By Paula Mitchell
In this community, the shoemaker’s entire occupation involved working with leather. A farmer could mend shoes that needed fixing, but he lacked leather-working skills to make a pair of shoes from scratch.
A cobbler could both make and repair shoes. His shop didn’t require much room for his tools and workbench, but he did require good light to see in order to have precise sewing. It was a slow and hard process to make several pairs of shoes in one day.
Shoemakers made shoes first by making wooden “lasts,” or blocks of foot-shaped wood carved into different sizes. The shoes were made with a single piece of leather that was cut, folded, and fastened to the foot. Next, a leather “upper” was stretched over the last and fastened with glue until it was ready to be fastened to the sole. The sole would be pounded with metal tools and an awl was used to cut holes. Then the upper was removed from the last and the sole and upper were sewn together before the shoe was cleaned, polished, and fitted with a heel. Finally, the shoes were hung in the shoemaker’s store. A standard pair of shoes would take between eight and 10 hours to make. Early shoemakers used the same pattern to make a pair of shoes, meaning the left and right shoes were exactly the same. The shoe would gradually begin to fit the foot properly after some wear. On the upside, that would make them interchangeable. On the downside, they were likely a lot less comfortable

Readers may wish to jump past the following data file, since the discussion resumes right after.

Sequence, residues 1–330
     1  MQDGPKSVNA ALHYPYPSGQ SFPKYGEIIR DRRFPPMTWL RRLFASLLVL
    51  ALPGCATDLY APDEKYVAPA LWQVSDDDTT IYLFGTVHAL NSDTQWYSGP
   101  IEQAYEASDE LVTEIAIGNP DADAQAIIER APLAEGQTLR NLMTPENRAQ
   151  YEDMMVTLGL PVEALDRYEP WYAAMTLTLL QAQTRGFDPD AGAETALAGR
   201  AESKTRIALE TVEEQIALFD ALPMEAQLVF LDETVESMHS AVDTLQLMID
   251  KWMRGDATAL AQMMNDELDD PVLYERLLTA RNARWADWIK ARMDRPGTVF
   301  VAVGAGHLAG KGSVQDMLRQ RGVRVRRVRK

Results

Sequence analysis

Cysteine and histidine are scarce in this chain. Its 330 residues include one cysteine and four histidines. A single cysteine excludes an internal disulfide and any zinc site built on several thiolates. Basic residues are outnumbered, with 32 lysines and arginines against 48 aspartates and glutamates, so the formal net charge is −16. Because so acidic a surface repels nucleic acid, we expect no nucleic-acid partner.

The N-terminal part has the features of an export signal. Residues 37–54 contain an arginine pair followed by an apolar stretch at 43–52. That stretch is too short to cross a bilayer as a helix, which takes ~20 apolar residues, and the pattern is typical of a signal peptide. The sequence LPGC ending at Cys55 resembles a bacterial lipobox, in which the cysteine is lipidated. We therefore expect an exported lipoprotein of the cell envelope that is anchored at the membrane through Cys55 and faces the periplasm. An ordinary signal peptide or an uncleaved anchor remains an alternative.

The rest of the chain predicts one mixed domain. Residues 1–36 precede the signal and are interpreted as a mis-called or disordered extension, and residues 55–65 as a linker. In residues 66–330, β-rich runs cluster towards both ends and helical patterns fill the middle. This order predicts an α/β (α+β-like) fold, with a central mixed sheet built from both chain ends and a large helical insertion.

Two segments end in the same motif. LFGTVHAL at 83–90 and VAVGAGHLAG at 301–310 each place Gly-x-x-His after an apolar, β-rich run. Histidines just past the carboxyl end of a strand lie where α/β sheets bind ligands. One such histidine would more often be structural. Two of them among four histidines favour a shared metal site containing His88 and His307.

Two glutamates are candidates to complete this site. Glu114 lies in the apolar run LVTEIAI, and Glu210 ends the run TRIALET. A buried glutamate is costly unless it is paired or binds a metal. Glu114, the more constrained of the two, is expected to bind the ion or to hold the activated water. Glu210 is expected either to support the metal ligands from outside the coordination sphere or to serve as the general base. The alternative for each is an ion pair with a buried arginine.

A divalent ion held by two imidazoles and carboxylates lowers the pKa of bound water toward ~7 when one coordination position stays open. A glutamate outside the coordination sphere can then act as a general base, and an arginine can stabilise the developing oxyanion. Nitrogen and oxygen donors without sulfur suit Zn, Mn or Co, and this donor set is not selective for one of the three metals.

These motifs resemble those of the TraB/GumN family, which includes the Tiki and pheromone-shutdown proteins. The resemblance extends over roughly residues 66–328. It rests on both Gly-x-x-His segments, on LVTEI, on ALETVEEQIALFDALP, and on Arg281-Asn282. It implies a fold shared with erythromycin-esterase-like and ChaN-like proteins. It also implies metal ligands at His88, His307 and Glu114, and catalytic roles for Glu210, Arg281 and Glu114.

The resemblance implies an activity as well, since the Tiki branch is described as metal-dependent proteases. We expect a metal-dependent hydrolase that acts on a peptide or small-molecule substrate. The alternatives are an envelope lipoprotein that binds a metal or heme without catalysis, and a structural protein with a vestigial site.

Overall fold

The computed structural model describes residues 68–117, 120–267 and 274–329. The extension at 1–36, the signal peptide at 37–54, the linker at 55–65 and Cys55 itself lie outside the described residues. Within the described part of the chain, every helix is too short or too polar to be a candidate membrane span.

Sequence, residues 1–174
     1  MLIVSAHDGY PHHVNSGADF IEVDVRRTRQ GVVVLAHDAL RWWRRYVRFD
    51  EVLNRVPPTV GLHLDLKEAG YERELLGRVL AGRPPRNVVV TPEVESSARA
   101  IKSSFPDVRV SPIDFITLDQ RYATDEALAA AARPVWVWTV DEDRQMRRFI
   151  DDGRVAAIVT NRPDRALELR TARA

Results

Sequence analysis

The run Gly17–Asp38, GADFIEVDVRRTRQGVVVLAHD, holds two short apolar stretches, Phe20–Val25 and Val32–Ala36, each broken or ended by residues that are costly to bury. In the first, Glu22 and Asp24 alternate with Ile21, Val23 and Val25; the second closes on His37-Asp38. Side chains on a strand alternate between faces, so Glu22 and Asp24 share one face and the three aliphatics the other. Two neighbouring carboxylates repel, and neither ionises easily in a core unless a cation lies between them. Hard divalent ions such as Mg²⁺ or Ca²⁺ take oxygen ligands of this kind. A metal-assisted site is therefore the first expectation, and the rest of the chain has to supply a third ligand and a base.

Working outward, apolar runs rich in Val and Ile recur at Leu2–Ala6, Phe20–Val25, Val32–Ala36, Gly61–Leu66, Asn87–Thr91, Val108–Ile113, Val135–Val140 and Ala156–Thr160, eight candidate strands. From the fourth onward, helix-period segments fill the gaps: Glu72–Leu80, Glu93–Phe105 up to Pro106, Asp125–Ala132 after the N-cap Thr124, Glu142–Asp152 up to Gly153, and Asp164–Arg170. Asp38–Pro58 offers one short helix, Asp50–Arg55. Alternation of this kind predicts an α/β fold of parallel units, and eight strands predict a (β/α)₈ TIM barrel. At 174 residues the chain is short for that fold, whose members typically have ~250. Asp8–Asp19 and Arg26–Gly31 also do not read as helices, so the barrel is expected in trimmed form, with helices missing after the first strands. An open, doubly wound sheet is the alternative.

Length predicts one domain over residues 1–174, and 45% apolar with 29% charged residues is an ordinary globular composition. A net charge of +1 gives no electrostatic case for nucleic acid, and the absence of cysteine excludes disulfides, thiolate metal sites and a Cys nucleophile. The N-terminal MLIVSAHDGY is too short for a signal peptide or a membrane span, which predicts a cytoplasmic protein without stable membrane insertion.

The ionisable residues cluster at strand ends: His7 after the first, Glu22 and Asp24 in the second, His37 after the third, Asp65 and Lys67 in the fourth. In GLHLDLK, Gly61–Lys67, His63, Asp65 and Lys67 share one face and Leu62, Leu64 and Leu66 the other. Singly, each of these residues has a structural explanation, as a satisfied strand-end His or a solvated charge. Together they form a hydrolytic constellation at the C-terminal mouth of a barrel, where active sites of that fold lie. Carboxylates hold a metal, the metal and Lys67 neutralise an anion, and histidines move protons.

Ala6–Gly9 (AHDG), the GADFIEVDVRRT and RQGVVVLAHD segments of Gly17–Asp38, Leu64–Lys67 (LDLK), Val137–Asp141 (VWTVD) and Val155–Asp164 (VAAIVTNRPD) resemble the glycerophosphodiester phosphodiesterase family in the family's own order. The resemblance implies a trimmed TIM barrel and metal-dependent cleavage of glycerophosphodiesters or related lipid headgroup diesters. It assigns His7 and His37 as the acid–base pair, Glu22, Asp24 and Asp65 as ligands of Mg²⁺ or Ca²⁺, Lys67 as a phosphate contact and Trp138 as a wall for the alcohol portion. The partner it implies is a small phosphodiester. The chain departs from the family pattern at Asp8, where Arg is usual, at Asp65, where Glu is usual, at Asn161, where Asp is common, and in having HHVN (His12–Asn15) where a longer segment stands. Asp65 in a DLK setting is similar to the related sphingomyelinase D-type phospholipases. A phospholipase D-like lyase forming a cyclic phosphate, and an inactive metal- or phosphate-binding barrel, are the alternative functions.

The cobbler’s tools included a knife shaped like an awl, chisel, a scraper, pincers, a hammer, a lapstone, and rubbing sticks for finishing the edges. The lapstone was, as its name suggests, a rounded stone or piece of metal held in the cobbler’s lap so he could hammer leather on it.
George F. Baker, (Henri Baker, born in Germany, Sept. 12, 1854 – May 12, 1942, married to Sarah Jane Mitchell and Anna Magdalene Smith) lived with Arlie and Mary (Crummett) Smith and was known to be a cobbler. He had learned the trade of being a cobbler in Germany and brought it with him. Most families had lasts, chisels, scrapers, pincers, hammers, and tacks to make their own repairs of shoes, once the shoes had been originally made.
Other cobblers were Daniel Puffenbarger and Harvey Simmons.
Shoes cost about the equivalent of a day’s wages. They could last about two years under heavy use before repairs were needed. Here is a famous nursery rhyme about cobblers:
“Cobbler, cobbler, mend my shoe,